Snack sales stay splendid.
Among the consumer trends affecting snack sales is a movement toward smaller, more frequent, and lighter meals. Not only do packaged snacks please the palate, they're also highly totable, which makes them a perfect fit for the new-style meal patterns.
New products always invigorate the snack market, and several innovative introductions have consumers munching away. For potato chips, which account for half the category, new items went back to this treat's "roots" for inspiration. Termed "textural segmentation" by industry marketers, the phenomenon that has consumers emptying chip bags in half the time is the thicker potato chip. This item's appeal lies in its hearty, more potato-y flavor designed to recall the good old days.
The new-style chip has found a niche among snack lovers with a penchant for "old-fashioned goodness and nostalgia," says Raymond Riss, vice president of marketing for Borden's snack group which recently introduced its Cottage Fries thick chip under the Wise label. The premium chips are packed in a foil pouch with colorful graphics depicting a "homey" scene. "When you think of high quality, you think of the good old, pre-preservative days," says Riss, explaining the marketing philosophy behind the thick potato chip. Cottage Fries are available in four flavors: regular, barbecue, cheddar cheese, and, in limited markets, a no-salt variety.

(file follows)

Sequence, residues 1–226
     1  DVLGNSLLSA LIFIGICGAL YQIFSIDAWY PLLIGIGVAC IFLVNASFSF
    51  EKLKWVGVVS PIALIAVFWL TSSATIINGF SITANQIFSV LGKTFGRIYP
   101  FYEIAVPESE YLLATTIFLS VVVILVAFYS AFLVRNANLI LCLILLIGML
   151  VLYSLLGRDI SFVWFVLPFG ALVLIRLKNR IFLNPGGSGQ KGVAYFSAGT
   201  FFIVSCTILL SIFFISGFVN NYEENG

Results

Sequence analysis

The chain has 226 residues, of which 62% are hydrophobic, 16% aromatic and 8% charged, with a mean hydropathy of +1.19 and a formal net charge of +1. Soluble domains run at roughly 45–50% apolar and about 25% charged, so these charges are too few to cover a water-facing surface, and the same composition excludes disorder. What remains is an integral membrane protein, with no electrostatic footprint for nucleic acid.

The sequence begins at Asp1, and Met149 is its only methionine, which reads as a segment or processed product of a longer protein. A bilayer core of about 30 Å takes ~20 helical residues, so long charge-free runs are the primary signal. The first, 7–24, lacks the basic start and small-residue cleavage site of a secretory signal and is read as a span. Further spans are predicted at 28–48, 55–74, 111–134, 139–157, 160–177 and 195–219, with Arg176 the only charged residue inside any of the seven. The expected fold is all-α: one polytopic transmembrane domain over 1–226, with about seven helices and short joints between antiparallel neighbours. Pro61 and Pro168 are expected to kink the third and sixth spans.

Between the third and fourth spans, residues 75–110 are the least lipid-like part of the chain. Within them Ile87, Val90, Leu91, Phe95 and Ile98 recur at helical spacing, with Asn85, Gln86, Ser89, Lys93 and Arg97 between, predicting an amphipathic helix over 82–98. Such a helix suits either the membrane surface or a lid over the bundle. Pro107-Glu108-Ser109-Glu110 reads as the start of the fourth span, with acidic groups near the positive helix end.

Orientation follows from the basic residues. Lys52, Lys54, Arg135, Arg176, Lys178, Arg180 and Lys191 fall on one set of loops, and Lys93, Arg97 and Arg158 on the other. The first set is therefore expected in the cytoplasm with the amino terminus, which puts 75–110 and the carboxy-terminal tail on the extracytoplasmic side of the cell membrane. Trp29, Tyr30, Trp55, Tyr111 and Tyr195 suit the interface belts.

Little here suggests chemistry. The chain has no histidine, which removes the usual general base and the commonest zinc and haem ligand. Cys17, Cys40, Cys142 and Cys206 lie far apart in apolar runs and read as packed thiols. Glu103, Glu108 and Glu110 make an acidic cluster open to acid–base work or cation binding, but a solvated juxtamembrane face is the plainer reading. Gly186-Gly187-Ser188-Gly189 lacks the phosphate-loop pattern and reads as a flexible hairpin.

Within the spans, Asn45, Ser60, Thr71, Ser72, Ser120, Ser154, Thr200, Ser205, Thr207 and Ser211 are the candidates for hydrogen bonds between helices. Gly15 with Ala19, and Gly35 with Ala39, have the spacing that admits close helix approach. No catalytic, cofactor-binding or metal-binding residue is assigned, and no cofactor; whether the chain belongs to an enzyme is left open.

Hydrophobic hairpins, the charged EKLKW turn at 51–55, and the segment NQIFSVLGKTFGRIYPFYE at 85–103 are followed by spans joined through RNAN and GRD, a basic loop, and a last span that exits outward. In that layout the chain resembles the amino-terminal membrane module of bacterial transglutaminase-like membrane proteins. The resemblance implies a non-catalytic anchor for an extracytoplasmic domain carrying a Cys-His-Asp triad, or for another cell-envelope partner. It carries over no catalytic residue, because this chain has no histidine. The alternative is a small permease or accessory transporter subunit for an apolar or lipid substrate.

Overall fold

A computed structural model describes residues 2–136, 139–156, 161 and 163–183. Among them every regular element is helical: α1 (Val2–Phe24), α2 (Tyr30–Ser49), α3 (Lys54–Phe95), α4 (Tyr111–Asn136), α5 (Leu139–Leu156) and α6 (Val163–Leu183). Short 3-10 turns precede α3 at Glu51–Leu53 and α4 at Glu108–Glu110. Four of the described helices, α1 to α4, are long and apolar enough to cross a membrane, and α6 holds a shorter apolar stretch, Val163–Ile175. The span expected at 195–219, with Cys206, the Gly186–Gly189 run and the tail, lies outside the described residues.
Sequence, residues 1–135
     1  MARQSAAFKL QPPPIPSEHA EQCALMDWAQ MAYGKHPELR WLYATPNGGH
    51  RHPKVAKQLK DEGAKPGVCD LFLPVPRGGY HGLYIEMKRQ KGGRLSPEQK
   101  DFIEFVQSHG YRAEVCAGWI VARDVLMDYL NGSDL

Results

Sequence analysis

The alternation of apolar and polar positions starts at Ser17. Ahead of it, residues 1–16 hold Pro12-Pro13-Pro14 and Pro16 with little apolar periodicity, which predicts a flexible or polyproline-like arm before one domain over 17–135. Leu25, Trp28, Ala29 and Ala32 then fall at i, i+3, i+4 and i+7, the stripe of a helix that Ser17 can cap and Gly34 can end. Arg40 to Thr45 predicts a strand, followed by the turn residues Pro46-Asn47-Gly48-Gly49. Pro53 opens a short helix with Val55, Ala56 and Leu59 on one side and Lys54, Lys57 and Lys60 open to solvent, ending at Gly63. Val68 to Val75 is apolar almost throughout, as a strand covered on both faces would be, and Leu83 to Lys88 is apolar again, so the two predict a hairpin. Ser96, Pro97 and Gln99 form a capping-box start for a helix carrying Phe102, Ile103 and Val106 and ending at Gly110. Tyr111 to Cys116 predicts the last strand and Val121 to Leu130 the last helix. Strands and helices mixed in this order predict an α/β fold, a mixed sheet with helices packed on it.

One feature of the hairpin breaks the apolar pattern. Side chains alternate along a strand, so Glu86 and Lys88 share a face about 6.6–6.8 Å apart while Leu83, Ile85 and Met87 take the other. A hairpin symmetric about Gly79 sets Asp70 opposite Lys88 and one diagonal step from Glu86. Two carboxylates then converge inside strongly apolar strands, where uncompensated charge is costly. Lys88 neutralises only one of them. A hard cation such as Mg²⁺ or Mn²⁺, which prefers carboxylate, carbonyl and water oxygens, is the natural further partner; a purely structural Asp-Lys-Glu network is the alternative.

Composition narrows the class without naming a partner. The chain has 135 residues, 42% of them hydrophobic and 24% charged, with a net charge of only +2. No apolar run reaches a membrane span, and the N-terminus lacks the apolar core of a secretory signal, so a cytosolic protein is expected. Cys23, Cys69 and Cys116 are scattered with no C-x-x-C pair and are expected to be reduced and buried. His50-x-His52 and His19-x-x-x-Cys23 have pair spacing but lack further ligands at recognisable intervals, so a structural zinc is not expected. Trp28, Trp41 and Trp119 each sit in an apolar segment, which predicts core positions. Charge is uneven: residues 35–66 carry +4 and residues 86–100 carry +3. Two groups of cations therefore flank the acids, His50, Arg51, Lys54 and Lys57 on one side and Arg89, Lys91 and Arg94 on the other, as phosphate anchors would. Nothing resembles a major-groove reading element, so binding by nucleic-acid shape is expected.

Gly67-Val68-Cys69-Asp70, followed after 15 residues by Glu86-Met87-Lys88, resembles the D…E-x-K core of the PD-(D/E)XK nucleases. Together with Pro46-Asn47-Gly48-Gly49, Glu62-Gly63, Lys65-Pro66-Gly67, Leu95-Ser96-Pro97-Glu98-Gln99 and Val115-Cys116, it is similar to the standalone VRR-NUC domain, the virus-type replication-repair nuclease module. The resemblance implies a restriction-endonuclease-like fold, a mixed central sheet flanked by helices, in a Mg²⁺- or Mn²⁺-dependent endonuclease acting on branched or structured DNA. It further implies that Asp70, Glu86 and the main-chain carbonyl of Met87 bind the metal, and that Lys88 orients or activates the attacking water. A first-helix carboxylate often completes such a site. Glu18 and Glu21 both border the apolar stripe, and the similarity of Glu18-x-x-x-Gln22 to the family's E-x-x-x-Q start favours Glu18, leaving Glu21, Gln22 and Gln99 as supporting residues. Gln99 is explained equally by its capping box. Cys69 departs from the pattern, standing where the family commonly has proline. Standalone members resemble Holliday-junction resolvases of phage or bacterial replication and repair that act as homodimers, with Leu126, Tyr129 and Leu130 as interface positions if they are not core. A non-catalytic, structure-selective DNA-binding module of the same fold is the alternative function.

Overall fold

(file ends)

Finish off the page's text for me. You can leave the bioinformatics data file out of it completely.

PepsiCo's Frito-Lay division has jumped into the thick of the textural segmentation battle with O'Grady's Extra Thick & Crunchy style potato chips. Backed by a $25 million total advertising and merchandising campaign, O'Grady's potato chips were years in development. Frito-Lay invented a unique method of slicing potatoes to achieve a thick chip thta still breaks up easily in the mouth, according to company spokesperson Elliot Bloom. Apparently, the thicker the chip, the harder the results after frying, necessitating some technological wizardry to produce a snack that's crunchy but that doesn't crack the teeth.